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Yankees sign Matt Holliday: A strong bounce-back candidate

Matt Holliday is coming off a pair of down seasons, but the veteran outfielder looks primed for a rebound.

MLB: San Diego Padres at St. Louis Cardinals Jeff Curry-USA TODAY Sports

The Yankees signed Matt Holliday on Sunday night, ensuring they wouldn't go another offseason without inking a major-league free agent. The terms of one year and $13 million are reasonable, and the fit makes sense. Holliday will take at-bats in the corner outfield, at first base, and DH (primarily the latter), and provide another veteran voice for the Yankees' young, growing players.

Of course, Holliday is old. Entering his age-37 season, Holliday has been on the decline for the past couple years. His wRC+ dropped from 132 in 2014 to 124 in 2015, and 109 in 2016. After recording at least 2.3 rWAR every year from 2005 to 2014, and recording over 40 rWAR during that span, Holliday has been worth a total of just 1.1 rWAR across the past two seasons.

Holliday has never been an asset in the field, so the bulk of his decline has come at the plate. He still had pop last season, smashing 20 home runs in 110 games, but his on-base skills suffered. His career low .322 OBP likely stemmed from his lowest walk rate (8.2%) in a decade, and the lowest BABIP (.253) of his career.

None of this paints the picture of a player who seems likely to buck the trend and stop his decline, but that might be selling Holliday short. For one, early projections like his odds of bouncing back, as Steamer currently forecasts Holliday for a strong .271/.357/.469 slash line and a 122 wRC+. Digging deeper into Holliday's performance, it's not too hard to see why he has a real chance to rebound.

First, Holliday seems to have retained the most basic skills of a successful hitter. It would be troubling if Holliday's statistical decline was accompanied by, say, a clear deterioration in his contact skills, but Holliday's swinging strike rate (9.2%) was lower than his career average, and his contact rate of 80.2% was eminently solid. Plus, Holliday's quality of contact seemed to fly in the face of his plummeting BABIP, as he ran an excellent 38.5% hard contact rate last season (data courtesy of F\FanGraphs).

That propensity for hitting the ball hard even as he ages might be Holliday's best hope for a comeback season as a Yankee. It feels too easy to look at Holliday's 2016 BABIP, which was 80 points lower than his (partially Coors Field inflated) career mark, and assume that he was particularly unlucky, but that just might be the case. Here's Holliday's OBP/SLG and wRC+ last season on different types of batted balls, compared to the league averages:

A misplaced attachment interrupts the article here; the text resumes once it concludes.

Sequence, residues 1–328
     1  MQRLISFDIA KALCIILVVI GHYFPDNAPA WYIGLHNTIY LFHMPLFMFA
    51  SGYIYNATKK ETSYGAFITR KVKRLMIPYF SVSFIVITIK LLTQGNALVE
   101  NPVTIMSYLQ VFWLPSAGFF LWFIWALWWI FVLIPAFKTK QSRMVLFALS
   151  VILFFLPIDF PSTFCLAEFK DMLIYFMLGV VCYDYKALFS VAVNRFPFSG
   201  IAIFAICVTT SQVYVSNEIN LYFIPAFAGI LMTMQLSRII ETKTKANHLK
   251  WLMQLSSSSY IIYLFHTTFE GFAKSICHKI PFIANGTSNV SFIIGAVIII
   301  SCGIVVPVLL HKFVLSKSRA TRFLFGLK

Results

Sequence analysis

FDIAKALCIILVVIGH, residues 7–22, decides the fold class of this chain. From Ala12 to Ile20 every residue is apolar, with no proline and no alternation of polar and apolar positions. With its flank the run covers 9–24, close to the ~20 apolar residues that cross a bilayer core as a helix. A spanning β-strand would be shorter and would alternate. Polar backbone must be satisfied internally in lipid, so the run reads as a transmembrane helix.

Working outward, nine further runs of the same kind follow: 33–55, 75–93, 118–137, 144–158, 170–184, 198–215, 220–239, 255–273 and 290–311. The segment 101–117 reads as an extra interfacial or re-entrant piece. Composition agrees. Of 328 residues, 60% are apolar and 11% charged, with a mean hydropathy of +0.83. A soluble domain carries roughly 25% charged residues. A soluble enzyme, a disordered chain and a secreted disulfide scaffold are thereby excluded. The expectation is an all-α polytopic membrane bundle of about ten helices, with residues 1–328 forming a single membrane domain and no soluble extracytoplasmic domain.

Grounders Line Drives Flies
Holliday .199/.205, 3 wRC+ .636/.818, 303 wRC+ .313/.973, 232 wRC+
League Average .239/.258, 28 wRC+ .684/.900, 340 wRC+ .235/.715, 139 wRC+

Holliday fared better than most on fly balls, but on line drives and ground balls, his numbers were uncharacteristically low. That might make more sense if Holliday suddenly lost the ability to hit the ball hard, but Statcast data corroborates what we saw earlier in his hard contact rate: Holliday is still capable of stinging the ball.

Of all hitters with at least 100 batted ball events, Holliday ranked third with an average exit velocity of 94.7 mph according to Statcast. He struck groundballs at an average velocity of 94.1 mph, and balls in the air at an average velocity of 96.9. Exit velocity is far from everything (Aaron Judge, for example, posted an average velocity of 95.5 mph and a 63 wRC+), but it's abundantly clear that Holliday was still able to make quality contact last year.

It's not all sunshine and roses, as all 37-year-old veterans simply have a chance of seeing a severe drop in performance at any time. Moreover, Holliday has had injury troubles recently. A recurring quadriceps ailment caused him to miss months in 2015, and he missed several weeks with a broken thumb last year, albeit one sustained on a hard-luck hit by pitch. Neither injury seems like the kind of chronic impairment that would consistently hamper a player into the future, but at his advanced age, Holliday's recent injury history is worth noting.

Regardless, in spite of the drop in his numbers, Holliday still has the appearance of a legitimate major league hitter. If Holliday continues to make contact at a solid rate and striking the ball with authority, as he did just last season, there's no reason he shouldn't bounce back for a solid year in New York. At just one year on a fair salary, this seems like a good bet for the Yankees to make. This isn't a major splash, but it does look the Yankees have succeeded in improving their outlook for 2017.